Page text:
Ousted Johnstown Redevelopment Authority chief Ronald Repak and former administrative assistant Deborah Walter signed up to help Conemaugh Health System develop a technology park in 2004, when the project was first proposed in Richland Township.
Documents obtained by The Tribune-Democrat show Repak and Walter, working through an agreement with Diversified Development Technologies, continued to bill Conemaugh for services after the project moved to the former Sani-Dairy property in Johnstown. The payments continued until 2007, when the health system’s internal investigation terminated Diversified’s agreement.
Although the Jan. 12, 2004, agreement was signed by then-Conemaugh Vice President Tom Kurtz and Von Fisher of Diversified, the health system’s investigation showed it was authorized by then-CEO Dr. Richard Salluzzo. Some later invoices went through former Conemaugh executive Michael Lauf.
Salluzzo was president and CEO of the Conemaugh Health System and Memorial Medical Center from June 1999 until November 2004, when he took a similar position at Wellmont Health System in western Virginia and eastern Tennessee. He went from there to Cape Cod Healthcare Inc. in Hyannis, Mass., in July 2008 and resigned that CEO job in November 2010. A year later, he was disciplined by the Massachusetts Board of Registration in Medicine for using drugs prescribed to others.
Kurtz left Conemaugh in January 2008, two months after the internal investigation report was presented to the health system board. Kurtz is now president and CEO of Windber Research Institute.
Lauf followed Salluzzo to Wellmont and then to Cape Cod, where he was named CEO after Salluzzo stepped down.
Neither Salluzzo nor Kurtz could immediately be reached for comment.
Lauf said he had no information about the investigation and did not comment on how much Conemaugh leadership knew about Repak’s apparent conflict of interests, but stressed all approvals went through Conemaugh’s protocols.
“Ethics are first and foremost in my world,” Lauf said in a telephone interview from Cape Cod. “We operated within the parameters as set up by Conemaugh.”
The investigation report by attorneys Stephen Birek and James R. Walsh was presented Nov. 13, 2007, to the directors of Conemaugh Enterprises Inc., the subsidiary overseeing the tech park development.
“The only individuals who personally dealt with (Conemaugh) or its affiliates, as agents of (Diversified Development Technologies), were Ron Repak and Debora (sic) Walter,” the report said.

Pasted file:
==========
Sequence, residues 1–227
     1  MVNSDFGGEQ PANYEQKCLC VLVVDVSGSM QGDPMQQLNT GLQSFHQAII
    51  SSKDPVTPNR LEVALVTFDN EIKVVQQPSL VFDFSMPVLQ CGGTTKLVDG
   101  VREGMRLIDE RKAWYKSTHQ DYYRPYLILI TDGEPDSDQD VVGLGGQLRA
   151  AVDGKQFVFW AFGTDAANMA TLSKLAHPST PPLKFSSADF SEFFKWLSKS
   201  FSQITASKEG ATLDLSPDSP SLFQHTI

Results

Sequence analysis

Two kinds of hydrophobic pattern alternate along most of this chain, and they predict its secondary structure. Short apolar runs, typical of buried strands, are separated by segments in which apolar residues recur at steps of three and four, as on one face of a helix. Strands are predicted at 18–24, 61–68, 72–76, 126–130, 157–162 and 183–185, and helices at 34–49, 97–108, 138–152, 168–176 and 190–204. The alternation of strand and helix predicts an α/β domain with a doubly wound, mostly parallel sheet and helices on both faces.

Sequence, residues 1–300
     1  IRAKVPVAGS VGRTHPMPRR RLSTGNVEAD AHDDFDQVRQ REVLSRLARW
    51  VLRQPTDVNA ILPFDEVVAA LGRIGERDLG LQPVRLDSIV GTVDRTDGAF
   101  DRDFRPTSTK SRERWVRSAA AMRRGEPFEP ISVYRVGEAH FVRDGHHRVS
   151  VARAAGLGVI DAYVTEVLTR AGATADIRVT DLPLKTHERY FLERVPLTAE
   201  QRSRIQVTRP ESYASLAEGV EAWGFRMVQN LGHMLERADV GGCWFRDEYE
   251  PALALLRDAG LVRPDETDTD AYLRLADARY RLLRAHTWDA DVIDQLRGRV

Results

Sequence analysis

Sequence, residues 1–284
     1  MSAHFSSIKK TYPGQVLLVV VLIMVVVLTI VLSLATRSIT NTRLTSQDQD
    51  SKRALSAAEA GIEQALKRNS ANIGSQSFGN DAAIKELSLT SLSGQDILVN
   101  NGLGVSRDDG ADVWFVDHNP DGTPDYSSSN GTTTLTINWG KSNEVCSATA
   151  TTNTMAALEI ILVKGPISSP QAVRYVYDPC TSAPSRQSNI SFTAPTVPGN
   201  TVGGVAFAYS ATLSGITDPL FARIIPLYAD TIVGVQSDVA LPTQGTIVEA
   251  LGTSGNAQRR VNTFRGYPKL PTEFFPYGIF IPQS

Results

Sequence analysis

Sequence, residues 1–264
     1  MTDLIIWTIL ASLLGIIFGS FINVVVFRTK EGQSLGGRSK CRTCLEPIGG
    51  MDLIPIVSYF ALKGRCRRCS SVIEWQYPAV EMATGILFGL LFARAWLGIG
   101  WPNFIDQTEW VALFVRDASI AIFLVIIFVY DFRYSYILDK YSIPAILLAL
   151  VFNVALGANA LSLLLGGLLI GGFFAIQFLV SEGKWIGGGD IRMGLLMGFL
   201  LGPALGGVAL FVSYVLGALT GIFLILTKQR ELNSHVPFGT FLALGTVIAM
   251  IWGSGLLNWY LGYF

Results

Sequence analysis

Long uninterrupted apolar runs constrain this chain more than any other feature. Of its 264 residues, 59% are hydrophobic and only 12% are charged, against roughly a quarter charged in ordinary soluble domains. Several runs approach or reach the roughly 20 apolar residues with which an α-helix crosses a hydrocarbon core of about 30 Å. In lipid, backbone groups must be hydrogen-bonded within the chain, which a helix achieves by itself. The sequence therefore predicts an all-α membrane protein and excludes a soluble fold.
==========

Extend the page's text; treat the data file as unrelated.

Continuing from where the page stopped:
The investigators go on to say, “Questions exist as to whether ... the services being provided by Ron Repak and/or Deborah Walter were being provided as agents of DDT or in their capacity as employees of the (Johnstown Redevelopment Authority).”
Sources say the Johnstown Redevelopment Authority board was provided a copy of the investigation report in 2011, after the board had information about a federal investigation. To avoid interfering with the federal authorities, Repak was allowed to remain on the job, but his job was severely limited by the board’s August 2010 resolution. That action removed Repak from involvement in the Johnstown Regional Sewage operation and tightened the rules on gifts and outside reimbursement for employees.
No information has been released on the federal probe.
Repak has, likewise, been out of the loop on the authority’s Aspen project to bring a frack water treatment facility to authority-owned Rosedale Business Park. In a December 2012 interview with The Tribune-Democrat, Repak said he could not discuss Aspen and asked what the reporter had been told about the project by Msgr. Raymond Balta, the authority’s chairman.
Asked why Repak was allowed to remain on the job, collecting his $92,828 salary, Balta said, “I don’t have anything to say.”
Copies of the Conemaugh investigation, the 2010 resolution and 35 invoices paid by Conemaugh were among documents provided by the redevelopment authority in response to a request filed by The Tribune-Democrat under the state Open Records Law.
Invoices totalled $133,507.90 between April 2004 and June 2007. The bills ranged from $1,487 to $7,866.
Documents also included a copy of a business card with Deborah Walter’s name and the heading, “Strategic Consulting, Redevelopment Specialists.”
There were also updates on the work. While most of the memos were listed as from “Diversified Development Staff,” two 2004 updates had Repak’s name as the sender. The memo says Repak was working on an application, apparently for state funding.
Investigators learned that Diversified was actually part of Pittsburgh-based K.U. Resources Inc. The company is headed by David R. Kerschner and Mark Urbassik. Its website says it provides “customized solutions and outstanding support in environmental management and site development engineering.”
Neither corporate officer could be reached for comment.
Von Fisher, who signed the original agreement, was reached at his environmental consulting business, Von Fisher Associates Inc. of Pittsburgh.
“I am not sure if I am allowed to speak, depending on what type of investigation is going on,” Fisher said. “So I will have no comment.”
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